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Virginia Tech senior Emily Mahar could have gone to a more established women’s golf program out of high school. She was part of four straight state title teams at Xavier Prep, which has won 37 titles since 1974.

She doesn’t regret that decision one bit. Mahar is back in Arizona this week for the NCAA championships being held at Grayhawk Golf Club. Virginia Tech is fielding a team for only the sixth season and this is the first time it has qualified for the national championship.

The No. 14 Hokies qualified for the event with a fourth-place showing at last week’s Stanford Regional, with Mahar finishing sixth individually at 2-under 211.

“I’m the tour guide,” she laughed, earlier this week. “I know all the places to go, places to eat so, yes, they’re relying on me for that.”

The Hokies have relied on Mahar for much more than that. She is second on the team in scoring average at 72.50 per 18 holes, just a shade behind sophomore teammate Becca Dinunzio’s 72.22. Both earned All-ACC honors the past season, becoming the first from the school to be handed that recognition.

The chance to be part of the foundation was something coach Carol Robertson emphasized when she was recruiting Mahar, a native of Brisbane, Australia who moved to Arizona when she was 13 after father James got a job transfer for his work in engineering.

“That’s definitely something we sold to her, that she could be the one putting her name in the record book, setting a standard,” Robertson said. “I told her, `The players to come will be chasing you.’ “

While Mahar had a lot of options when it came to choosing college, a trip to the Blacksburg campus sealed the deal.  There wasn’t anything she didn’t like.

“It’s a nice campus and it it really seemed like a nice family atmosphere. It felt like a home away from home,” said Mahar, who is majoring in human development.

The Hokies are going to have to make up some ground to make the cut to 15 teams which will come after Sunday’s third round. They are in 22nd place, six strokes out of 15th place. Maher shot a 1-over 73 on Saturday for a two-day total of  3-over 147 which places puts her tied for 34th.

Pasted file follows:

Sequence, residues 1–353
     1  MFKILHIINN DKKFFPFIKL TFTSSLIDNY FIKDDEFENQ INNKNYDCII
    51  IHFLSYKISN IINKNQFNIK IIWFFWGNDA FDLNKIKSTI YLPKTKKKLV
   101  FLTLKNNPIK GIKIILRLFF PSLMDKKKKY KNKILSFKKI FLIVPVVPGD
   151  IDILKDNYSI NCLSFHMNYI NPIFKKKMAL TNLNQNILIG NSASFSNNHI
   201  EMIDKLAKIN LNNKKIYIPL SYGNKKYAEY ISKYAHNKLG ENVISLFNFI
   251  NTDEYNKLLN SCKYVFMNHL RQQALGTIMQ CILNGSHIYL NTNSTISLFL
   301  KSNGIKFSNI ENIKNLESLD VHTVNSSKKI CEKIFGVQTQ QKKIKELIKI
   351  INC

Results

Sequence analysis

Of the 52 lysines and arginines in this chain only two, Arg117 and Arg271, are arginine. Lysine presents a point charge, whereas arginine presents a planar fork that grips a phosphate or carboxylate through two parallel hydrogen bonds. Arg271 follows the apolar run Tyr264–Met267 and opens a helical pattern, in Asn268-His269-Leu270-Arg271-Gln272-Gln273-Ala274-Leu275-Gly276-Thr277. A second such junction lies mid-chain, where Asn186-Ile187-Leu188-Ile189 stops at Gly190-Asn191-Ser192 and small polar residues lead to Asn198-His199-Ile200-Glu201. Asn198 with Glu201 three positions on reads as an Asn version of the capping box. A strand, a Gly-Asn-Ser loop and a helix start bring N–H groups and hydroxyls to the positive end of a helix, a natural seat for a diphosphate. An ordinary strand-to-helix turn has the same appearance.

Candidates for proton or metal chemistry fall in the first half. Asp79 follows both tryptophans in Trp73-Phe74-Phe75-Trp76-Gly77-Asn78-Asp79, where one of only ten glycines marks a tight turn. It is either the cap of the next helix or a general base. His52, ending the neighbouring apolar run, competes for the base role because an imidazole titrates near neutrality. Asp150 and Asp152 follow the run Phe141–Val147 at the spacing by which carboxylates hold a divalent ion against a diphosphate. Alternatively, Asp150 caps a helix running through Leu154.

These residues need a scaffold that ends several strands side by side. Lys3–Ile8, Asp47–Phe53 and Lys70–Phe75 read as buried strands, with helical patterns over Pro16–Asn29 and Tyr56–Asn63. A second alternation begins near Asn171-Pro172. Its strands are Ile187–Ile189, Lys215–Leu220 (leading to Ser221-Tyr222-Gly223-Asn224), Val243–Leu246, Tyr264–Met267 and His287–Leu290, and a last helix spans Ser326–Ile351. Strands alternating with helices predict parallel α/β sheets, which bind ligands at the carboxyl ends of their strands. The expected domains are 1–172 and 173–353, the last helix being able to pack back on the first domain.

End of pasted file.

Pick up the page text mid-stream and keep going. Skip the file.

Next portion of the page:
The tournament here begins a very busy stretch for Mahar, who will compete in the U.S. Women’s Open June 3-6 at the Olympic Club in San Francisco. She earned a berth in that event by winning a sudden death playoff for third place at a qualifier at Belle Haven County Club in Alexandria, Virginia in April.

Then will come her wedding to Jackson Gray, a 2020 graduate of Virginia Tech. Mahar’s family moved back to Australia during  her freshman year of college so the coronavirus travel restrictions will prevent them from attending the wedding which will take place in Virginia. A bigger celebration will be planned when the global heath pandemic has subsided.

But for now Mahar is focused on the task at hand.

She came into the event with some momentum having won the Golfweek Caledonia Amateur in South Carolina last fall and chalking up five top-20 outings this spring.

Mahar is known for her power game, with good length off the tee but Robertson also says her player has a strong mental approach as well.

“You would never know if she is three stokes up of three strokes down,” Robertson said. “If she makes a mistake she is very good at putting that behind her and just focusing on the next shot In golf sometimes that’s hard to do.”

Mahar, 21,  has also benefited from a unique relationship with LPGA touring pro Karrie Webb, a native Australian who has been awarding scholarships and mentoring players from her former country since 2008.

Each recipient receives funding to be spent on international travel and playing experiences. The chance to accompany Webb during a tournament stop is typically included but that was not part of the reward last year because of the pandemic. Instead Mahar and Gabi Ruffels, a product of USC, spent a week with Webb at her home in South Florida. Of course golfing was part of the experience, but the two upstarts also spent time with Webb on her boat.

“It was an unbelievable experience. I learned so much from her,” Mahar said. “It wasn’t all just about golf but life things as well. Not everybody gets that kind of experience from someone so well established that has accomplished what everybody that plays this sport would love to do.”

NCAA Women’s Championships

Round 2

Team standings (top 5)

1. Stanford -7, 569

2. Duke -3, 573

3. Texas +1, 577

4. Florida State +7, 583

5. Wake Forest +9, 585

Also: 9. Arizona+14, 590

11. Arizona State +15, 591

Individual leaders

1. Rachel Heck, Stanford -8, 136

2. Gina Kim, Duke, -3, 141

Lauren Hartlage, Louisville -3, 141

4. Emma Spitz, UCLA  -2, 142

Reach the reporter at or 602 444-4783.  Follow her on Twitter @MGardnerSports.

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